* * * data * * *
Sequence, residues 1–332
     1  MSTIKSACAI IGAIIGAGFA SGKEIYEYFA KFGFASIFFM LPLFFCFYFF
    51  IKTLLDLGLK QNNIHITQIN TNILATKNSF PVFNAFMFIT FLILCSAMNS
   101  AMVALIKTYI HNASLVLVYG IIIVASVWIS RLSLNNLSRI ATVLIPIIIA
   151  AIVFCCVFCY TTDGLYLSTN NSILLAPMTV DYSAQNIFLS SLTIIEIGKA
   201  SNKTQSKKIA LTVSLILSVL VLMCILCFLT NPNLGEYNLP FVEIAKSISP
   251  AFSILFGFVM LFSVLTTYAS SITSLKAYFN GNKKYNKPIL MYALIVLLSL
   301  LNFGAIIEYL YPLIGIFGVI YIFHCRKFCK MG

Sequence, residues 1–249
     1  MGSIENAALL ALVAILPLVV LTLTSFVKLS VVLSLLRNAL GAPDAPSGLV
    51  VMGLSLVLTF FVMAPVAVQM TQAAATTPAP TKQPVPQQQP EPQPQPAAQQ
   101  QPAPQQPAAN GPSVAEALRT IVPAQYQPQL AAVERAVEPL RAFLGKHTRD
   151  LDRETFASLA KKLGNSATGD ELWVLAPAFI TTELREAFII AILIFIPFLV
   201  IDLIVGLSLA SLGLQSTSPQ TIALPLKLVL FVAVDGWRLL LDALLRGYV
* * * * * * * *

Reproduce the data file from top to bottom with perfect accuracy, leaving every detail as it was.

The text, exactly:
Sequence, residues 1–332
     1  MSTIKSACAI IGAIIGAGFA SGKEIYEYFA KFGFASIFFM LPLFFCFYFF
    51  IKTLLDLGLK QNNIHITQIN TNILATKNSF PVFNAFMFIT FLILCSAMNS
   101  AMVALIKTYI HNASLVLVYG IIIVASVWIS RLSLNNLSRI ATVLIPIIIA
   151  AIVFCCVFCY TTDGLYLSTN NSILLAPMTV DYSAQNIFLS SLTIIEIGKA
   201  SNKTQSKKIA LTVSLILSVL VLMCILCFLT NPNLGEYNLP FVEIAKSISP
   251  AFSILFGFVM LFSVLTTYAS SITSLKAYFN GNKKYNKPIL MYALIVLLSL
   301  LNFGAIIEYL YPLIGIFGVI YIFHCRKFCK MG

Sequence, residues 1–249
     1  MGSIENAALL ALVAILPLVV LTLTSFVKLS VVLSLLRNAL GAPDAPSGLV
    51  VMGLSLVLTF FVMAPVAVQM TQAAATTPAP TKQPVPQQQP EPQPQPAAQQ
   101  QPAPQQPAAN GPSVAEALRT IVPAQYQPQL AAVERAVEPL RAFLGKHTRD
   151  LDRETFASLA KKLGNSATGD ELWVLAPAFI TTELREAFII AILIFIPFLV
   201  IDLIVGLSLA SLGLQSTSPQ TIALPLKLVL FVAVDGWRLL LDALLRGYV